The year 2019 marks several major anniversaries that trace the arc of the transatlantic relationship: the April 1949 founding of NATO, the May 1949 establishment of the Federal Republic of Germany, and the November 1989 fall of the Berlin Wall. Over the last 70 years, the United States and Germany have remained partners as the international system has evolved, external threats have changed, and economic interconnectedness has multiplied. The relationship is experiencing new tests, and our shared future will depend on decisions that Washington and Berlin must make in the foreseeable future. This half-day symposium will examine the challenges facing the transatlantic community and offer a vision for the alliance in the decades ahead.
Andreas Nick, Member of the German Parliament (CDU) Danielle Pletka, Senior Vice President, Foreign and Defense Policy Studies, American Enterprise Institute Julianne Smith, Weizsäcker Fellow, Robert Bosch Academy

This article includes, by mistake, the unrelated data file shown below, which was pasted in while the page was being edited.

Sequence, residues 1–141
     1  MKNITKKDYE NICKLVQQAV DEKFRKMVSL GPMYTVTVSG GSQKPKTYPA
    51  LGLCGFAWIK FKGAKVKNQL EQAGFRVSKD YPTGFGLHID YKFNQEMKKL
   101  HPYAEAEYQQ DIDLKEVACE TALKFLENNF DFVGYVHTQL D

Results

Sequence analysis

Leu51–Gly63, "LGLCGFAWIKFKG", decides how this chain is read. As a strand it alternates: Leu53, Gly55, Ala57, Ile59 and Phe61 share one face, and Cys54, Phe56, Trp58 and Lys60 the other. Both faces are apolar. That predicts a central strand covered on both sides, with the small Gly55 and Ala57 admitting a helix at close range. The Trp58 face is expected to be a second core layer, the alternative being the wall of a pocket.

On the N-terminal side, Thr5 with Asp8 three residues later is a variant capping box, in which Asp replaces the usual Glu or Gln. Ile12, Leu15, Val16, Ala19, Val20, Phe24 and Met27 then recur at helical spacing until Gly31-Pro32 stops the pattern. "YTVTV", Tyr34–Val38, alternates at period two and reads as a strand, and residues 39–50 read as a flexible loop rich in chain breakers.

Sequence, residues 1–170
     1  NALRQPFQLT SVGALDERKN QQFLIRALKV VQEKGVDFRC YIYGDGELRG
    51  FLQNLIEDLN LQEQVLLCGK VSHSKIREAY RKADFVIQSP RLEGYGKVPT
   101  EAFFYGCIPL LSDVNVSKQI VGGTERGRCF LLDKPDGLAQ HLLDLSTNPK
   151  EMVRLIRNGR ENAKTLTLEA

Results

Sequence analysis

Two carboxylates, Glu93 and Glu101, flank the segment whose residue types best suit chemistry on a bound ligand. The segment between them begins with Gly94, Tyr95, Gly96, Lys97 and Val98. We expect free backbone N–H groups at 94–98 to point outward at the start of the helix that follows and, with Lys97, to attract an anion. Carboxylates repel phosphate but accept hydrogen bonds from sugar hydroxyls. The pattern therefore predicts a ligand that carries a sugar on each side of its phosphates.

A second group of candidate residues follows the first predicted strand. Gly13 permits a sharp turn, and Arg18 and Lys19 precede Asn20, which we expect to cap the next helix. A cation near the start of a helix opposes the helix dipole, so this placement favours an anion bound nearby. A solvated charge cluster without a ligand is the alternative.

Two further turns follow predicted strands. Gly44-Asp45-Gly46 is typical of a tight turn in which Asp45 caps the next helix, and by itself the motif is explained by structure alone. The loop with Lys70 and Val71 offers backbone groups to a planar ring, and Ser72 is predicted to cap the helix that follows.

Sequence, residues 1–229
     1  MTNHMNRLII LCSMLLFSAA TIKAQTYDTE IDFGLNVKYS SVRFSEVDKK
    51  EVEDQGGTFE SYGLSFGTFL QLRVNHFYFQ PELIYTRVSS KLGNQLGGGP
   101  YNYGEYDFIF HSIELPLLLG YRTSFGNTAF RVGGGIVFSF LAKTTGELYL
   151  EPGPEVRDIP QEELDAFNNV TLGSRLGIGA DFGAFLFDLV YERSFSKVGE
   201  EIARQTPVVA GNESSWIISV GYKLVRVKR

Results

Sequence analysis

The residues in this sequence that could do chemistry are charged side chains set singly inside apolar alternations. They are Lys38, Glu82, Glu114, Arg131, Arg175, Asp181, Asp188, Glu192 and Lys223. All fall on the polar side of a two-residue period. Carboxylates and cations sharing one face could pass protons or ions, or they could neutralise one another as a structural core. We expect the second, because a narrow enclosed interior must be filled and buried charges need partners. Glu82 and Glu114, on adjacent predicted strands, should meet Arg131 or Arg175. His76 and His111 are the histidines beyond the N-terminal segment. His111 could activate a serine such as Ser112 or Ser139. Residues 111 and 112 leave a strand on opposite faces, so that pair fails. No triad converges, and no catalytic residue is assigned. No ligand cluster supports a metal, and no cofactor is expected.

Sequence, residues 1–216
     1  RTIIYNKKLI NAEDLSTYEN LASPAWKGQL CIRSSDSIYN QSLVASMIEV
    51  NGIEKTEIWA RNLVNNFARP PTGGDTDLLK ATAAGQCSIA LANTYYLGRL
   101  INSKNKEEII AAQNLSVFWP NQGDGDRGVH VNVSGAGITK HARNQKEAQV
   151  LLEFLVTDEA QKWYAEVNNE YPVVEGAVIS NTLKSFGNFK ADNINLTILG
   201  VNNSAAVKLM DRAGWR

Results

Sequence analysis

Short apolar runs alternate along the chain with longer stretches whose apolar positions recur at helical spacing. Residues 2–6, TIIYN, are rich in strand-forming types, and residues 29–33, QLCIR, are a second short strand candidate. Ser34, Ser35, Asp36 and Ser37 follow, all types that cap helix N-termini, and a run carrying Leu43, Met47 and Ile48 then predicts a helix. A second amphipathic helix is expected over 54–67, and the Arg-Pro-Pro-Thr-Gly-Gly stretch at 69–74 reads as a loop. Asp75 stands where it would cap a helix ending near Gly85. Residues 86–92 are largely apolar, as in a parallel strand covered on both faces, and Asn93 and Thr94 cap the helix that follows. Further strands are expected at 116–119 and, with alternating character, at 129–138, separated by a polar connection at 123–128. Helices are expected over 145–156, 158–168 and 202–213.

Moderator: Almut Möller, Senior Policy Fellow and Head of Berlin Office, ECFR
Jörg Kukies, State Secretary at the German Federal Ministry of Finance Clay Lowery, Managing Director, Rock Creek Global Advisors Stormy-Annika Mildner, Head of Department External Economic Policy, Federation of German Industries (BDI) Michael Theurer, Member of the German Parliament (FDP)
Moderator: Peter Rashish, Senior Fellow, Director, Geoeconomics Program, AGI
This year’s gathering of diplomats, government officials, and experts to discuss security challenges around the globe was just getting started when the news of Alexei Navalny’s death shocked the Munich …
Part I: A Pluralist International Economic Landscape After World War II the United States, several European countries, and other liberal democracies promoted a vision of international economic relations that was …